East Coast is different than West Coast. Food is different: The East boasts some homeborn eats like lobster rolls, cheesesteak, and chowder, while the West is more fusion-y and fresh ingredient centric with the sushiritos of LA and avocado toast of San Francisco. Style varies drastically: All black everything in New York contrasting against the slouchy tees and washed denim in California and the Nirvana chic flannel that still reigns supreme in the Northwest.
Differences between the regions pile up and up, and not to be omitted from that list are the beaches.
“Vacation” in the East is often synonymous with the shore. Families load up their hatchbacks with boogie boards and beer coolers then unload in a seaside motel for a week. Typical beach protocol consists of getting too hot sitting in the sun, frolicing in the water to cool down, drying off on your towel till you get too hot again, repeating the process for hours and days on end. Evening is full of strolls down the boardwalk and dinners in restaurants with names like “Dirty Pete’s” or “Wild Bill’s”
Summer in the Chesapeake sees water temperatures climbing past 80. That’s the Northern end of the coast too, mind you. The hottest the Pacific gets is around 70 and that’s Southern California. Towards Seattle where this little lady lives, I’m lucky if temperatures reach 60 at any point in the year.
This leads to the West not having that same “beach” mentality as its rival coast. Here vacation is more travel oriented. Instead of unwinding near the waves people city swap — they’ll leave their Los Angeles apartment for a suite in Palm Springs or Vegas, hop down from the hipster haven of Portland to the hippie chic land of San Fran.
Where does this leave the beaches on our coast then? Sure Santa Monica gets some love due to its iconic pier, and Southern Cali is surfing city, but towards the top of California and beyond it’s cold. Cold and foggy. Cold and foggy and rocky. This takes us to the third notch in my “Seven Wonders of Oregon” belt: The Oregon Coast.
We drove more than half the state’s length along the 101, divvying up our journey into small towns and local attractions: South Beach’s Aquarium will have you looking derpy fish and horrifyingly large crabs in the eye. In Lincoln City, $150.00 will get you an oceanside suite with a private balcony con hot tub, and a stairway onto the beach (Romantic sunset walks ensued followed by the uncorking of a Cascade sour ale in the tub — Hubba Hubba). Pacific City will have you witnessing dozens going “Full Oregon” as they park their Dodges and Jeeps onto the beach itself when the parking lot at Pelican Brewery is full.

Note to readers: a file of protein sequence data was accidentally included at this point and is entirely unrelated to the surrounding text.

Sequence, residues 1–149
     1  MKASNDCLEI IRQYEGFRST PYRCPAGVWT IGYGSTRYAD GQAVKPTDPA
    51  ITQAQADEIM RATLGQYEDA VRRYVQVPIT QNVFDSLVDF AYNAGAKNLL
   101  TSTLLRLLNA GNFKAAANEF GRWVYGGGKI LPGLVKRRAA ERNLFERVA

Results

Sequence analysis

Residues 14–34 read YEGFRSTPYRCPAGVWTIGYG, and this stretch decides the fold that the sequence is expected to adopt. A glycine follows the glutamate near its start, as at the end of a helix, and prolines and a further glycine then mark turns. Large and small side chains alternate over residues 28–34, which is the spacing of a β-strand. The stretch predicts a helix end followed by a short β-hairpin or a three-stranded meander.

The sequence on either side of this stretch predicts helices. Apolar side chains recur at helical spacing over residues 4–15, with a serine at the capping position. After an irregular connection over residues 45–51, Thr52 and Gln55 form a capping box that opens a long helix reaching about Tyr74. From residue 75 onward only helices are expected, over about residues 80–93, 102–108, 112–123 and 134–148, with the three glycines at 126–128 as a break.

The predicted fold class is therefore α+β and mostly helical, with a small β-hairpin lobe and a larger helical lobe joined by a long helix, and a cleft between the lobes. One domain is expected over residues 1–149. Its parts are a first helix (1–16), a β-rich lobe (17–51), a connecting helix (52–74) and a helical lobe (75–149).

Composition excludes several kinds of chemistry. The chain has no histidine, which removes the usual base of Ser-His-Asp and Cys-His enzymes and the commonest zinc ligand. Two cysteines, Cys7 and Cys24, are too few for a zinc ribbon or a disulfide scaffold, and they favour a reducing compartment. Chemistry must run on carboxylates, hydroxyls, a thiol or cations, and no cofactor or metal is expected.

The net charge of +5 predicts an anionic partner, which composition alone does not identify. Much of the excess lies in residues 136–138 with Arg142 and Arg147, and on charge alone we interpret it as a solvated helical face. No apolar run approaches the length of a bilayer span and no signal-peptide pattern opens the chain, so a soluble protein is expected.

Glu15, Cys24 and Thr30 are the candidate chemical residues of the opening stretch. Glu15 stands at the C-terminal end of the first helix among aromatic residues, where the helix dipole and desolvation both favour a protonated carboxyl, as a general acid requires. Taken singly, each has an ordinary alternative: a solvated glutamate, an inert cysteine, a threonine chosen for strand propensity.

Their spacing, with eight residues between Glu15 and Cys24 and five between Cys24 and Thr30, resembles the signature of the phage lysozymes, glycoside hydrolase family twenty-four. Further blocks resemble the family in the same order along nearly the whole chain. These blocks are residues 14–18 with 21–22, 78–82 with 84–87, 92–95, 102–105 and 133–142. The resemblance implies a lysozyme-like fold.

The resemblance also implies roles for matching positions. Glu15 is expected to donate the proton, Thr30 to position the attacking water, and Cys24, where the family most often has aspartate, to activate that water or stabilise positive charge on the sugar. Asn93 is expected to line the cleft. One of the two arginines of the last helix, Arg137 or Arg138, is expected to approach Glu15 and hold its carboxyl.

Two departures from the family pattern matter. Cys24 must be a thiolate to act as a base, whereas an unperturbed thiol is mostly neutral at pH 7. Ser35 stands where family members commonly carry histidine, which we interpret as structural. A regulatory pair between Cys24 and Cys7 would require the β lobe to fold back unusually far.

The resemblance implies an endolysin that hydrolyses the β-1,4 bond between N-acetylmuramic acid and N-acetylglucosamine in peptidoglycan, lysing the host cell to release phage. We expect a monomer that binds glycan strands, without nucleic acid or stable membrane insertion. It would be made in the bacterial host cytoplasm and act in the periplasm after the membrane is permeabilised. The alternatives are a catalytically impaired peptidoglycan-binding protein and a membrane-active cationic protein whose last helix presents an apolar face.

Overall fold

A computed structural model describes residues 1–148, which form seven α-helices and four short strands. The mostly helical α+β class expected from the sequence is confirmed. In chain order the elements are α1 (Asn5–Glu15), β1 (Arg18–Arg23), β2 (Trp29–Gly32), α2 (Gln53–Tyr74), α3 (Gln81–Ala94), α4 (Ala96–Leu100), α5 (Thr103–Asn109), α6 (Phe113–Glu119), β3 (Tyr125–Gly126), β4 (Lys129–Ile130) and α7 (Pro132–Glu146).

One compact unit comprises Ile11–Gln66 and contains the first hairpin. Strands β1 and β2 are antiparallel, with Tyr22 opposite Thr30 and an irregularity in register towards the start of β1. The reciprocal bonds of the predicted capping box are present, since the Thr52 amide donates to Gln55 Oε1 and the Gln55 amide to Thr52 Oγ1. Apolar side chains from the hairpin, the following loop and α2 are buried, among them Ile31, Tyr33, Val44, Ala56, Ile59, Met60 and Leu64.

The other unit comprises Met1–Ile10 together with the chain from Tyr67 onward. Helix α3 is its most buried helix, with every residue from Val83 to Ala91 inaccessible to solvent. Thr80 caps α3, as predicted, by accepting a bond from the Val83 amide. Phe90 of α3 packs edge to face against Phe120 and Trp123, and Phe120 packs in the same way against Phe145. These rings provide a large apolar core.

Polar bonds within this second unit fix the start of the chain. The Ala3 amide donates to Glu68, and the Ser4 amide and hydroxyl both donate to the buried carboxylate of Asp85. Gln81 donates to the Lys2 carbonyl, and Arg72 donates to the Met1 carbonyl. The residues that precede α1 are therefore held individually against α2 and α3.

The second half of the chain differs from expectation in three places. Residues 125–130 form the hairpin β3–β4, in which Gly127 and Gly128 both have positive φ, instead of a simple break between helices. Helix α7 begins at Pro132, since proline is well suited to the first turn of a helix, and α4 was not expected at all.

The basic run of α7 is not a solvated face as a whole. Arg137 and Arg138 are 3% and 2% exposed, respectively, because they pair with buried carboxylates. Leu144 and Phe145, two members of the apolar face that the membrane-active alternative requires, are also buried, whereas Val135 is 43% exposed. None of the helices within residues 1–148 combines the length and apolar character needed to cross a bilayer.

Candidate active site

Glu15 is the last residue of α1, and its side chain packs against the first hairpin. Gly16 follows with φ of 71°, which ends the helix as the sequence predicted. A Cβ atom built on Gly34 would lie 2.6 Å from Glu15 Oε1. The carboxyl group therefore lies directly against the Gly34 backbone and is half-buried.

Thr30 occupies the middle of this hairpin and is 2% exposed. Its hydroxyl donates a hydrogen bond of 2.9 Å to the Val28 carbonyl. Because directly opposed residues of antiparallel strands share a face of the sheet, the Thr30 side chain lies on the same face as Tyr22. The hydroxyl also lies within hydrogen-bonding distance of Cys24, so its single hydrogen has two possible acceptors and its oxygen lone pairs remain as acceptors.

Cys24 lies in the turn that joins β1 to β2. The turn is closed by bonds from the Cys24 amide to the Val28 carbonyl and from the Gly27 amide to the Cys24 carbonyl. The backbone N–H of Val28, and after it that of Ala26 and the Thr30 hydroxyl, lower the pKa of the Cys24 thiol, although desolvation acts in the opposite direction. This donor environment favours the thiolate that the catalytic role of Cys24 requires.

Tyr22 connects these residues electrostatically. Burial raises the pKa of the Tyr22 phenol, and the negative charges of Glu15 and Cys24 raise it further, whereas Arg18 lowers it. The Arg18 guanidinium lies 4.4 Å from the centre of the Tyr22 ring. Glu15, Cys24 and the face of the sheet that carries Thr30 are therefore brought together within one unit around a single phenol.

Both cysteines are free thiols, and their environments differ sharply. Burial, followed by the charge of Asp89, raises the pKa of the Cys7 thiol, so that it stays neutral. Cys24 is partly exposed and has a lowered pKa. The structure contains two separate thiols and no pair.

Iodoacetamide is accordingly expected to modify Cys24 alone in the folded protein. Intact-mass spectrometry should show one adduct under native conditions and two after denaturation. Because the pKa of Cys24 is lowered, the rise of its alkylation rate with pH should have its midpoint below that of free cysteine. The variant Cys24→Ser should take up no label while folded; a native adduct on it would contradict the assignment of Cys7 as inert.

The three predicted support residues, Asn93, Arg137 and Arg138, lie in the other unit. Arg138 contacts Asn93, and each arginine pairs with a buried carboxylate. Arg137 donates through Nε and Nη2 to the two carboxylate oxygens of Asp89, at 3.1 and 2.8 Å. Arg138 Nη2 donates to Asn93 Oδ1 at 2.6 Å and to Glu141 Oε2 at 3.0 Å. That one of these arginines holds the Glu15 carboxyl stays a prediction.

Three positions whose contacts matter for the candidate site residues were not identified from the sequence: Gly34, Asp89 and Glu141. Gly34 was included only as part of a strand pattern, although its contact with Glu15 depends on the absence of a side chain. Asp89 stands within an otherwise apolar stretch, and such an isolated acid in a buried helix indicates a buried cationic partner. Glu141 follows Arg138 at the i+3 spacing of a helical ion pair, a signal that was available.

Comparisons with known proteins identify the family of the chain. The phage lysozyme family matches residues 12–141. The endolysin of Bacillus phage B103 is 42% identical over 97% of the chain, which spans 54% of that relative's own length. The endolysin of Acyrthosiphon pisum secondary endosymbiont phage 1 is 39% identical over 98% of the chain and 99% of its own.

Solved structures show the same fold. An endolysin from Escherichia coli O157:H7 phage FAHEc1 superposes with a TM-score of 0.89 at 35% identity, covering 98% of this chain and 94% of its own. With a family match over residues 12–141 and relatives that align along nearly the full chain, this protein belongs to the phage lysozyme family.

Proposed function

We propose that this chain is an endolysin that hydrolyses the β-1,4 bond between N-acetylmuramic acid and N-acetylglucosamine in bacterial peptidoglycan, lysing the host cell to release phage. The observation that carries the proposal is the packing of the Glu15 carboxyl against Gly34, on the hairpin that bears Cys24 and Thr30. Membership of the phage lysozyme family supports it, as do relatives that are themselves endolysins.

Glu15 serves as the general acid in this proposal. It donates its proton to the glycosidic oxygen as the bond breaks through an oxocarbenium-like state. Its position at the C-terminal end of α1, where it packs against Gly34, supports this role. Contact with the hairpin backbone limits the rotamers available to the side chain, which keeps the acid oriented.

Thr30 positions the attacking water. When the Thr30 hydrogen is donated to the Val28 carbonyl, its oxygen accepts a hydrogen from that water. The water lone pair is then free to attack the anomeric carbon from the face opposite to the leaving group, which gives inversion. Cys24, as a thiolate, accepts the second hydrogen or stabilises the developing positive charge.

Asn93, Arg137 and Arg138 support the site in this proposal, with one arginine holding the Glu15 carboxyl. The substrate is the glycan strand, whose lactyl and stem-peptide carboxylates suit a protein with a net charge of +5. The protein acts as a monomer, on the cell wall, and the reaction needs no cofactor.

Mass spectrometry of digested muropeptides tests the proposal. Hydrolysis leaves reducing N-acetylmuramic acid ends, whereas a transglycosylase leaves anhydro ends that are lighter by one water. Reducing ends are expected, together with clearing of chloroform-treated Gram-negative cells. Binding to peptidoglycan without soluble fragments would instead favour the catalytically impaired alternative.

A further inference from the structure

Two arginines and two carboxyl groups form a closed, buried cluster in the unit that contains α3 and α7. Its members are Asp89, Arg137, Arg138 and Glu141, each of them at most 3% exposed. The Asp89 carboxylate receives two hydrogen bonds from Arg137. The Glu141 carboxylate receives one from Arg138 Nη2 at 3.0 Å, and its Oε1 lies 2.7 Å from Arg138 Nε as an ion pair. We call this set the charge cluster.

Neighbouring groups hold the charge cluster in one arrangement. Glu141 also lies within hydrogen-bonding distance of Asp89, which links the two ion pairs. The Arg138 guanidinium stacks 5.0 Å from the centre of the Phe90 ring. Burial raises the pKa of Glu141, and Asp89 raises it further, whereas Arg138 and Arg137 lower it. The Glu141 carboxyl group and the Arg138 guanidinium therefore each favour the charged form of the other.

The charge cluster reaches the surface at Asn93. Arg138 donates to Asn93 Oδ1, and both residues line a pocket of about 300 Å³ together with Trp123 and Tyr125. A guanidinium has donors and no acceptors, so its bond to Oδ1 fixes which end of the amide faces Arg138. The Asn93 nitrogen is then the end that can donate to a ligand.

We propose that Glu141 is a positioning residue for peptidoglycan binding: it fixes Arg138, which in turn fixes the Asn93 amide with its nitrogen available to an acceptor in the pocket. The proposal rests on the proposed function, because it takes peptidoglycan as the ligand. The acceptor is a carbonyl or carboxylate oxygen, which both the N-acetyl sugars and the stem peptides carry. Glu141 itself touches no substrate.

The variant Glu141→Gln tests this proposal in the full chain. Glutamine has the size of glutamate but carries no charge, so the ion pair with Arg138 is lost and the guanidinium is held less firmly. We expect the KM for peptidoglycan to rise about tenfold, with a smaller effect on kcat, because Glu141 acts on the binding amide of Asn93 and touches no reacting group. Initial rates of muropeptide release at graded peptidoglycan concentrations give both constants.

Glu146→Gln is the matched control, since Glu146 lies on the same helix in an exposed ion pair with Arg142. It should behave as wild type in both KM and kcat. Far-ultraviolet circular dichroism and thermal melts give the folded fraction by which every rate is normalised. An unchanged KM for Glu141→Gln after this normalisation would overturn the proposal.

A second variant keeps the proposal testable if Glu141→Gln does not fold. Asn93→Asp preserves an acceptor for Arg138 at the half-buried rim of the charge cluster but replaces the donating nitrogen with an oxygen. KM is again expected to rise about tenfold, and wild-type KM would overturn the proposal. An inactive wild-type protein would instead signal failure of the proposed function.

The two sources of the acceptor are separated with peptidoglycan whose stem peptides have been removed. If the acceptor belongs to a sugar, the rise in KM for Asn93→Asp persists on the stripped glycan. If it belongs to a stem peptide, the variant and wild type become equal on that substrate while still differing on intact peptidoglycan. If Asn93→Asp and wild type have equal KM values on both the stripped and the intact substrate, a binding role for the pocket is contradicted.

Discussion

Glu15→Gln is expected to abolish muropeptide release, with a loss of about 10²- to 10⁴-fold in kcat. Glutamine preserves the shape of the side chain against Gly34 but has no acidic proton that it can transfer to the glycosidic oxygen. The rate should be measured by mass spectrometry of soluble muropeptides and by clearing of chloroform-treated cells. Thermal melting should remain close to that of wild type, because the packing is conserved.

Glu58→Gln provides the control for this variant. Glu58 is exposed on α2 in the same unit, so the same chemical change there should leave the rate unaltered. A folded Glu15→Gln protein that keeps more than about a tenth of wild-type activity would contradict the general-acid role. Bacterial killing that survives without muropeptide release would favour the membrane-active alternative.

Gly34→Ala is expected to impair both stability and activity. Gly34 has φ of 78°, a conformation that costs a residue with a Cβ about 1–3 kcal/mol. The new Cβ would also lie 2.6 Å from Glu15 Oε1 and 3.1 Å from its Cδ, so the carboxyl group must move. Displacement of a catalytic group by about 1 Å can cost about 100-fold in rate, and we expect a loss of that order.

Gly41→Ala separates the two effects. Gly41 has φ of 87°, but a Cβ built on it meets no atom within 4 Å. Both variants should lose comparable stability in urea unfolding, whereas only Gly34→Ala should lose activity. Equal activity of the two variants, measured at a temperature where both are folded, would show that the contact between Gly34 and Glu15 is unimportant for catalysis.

North comes Cannon Beach which you may have seen before. Keanu and Patrick surfed on this shore in Swayze’s attempt to capture an endless summer in Point Break. The Goonies burst out of their underground prison onto the safety of its sands, and one of Twilight’s 30 installments was filmed here. The beach is recognizable due to the monoliths that sporadically dot the waters and reach out past the surf. They have an imposing attitude, and seem noble as they loom over visitors, but if they had hands I’m pretty sure they’d be forming fists only to shake them and yell at everyone to get off their lawn.
Skimpy bikinis are not the norm here. Beach goers tend to trek onto the sand in full garb. It’s mostly athletic shorts and capris on bottom, and the women wear bras under their button downs and cardigans (yes, cardigans), not swimsuits. Those who actually brave the 50 degree waves are children too young to know the ocean doesn’t have to be that cold. Even on the sunniest and hottest days in July the fog rolls in, swallowing up neighbors just 50 yards away, causing kids to build sandcastles in hoodies.
Pushing up past Cannon, past where highway 101 turns off for Washington, we come to our final stopping point: Fort Stevens State Park to see the rusted wreck of the Peter Iredale. Bound for Portland from Mexico, the Iredale never arrived, crashing instead onto the Northernmost tip of Oregon in 1906. Miraculously, none of the crew were seriously injured, and while eulogizing his ship the craggly and sentimental Captain Lawrence, a bottle of whisky in hand, lamented “May God bless you and may your bones bleach in these sands,” before turning to his men and stating “Boys, have a drink”. The wreckage has since sunk deeper into the sands, now rusted and barnacled Peter’s bones serve as a playground for small children (who may now be in need of a tetanus shot).
There’s fun to be had back East, that’s for sure. As trashy as the Jersey Shore is, illuminated in neon and reeking of funnel cake and corn dog oil, I’ll always be nostalgic for my childhood in Jersey, Delaware, and the Carolinas. But on the west there’s real beauty to be found. At dusk, rocks cast shadows as the sun ducks behind them and paths to the waters are carved and cobbled into the hills. You won’t sweat and gleam in the heat and you won’t find cotton candy, but in the moments you’re actually here, you won’t want to.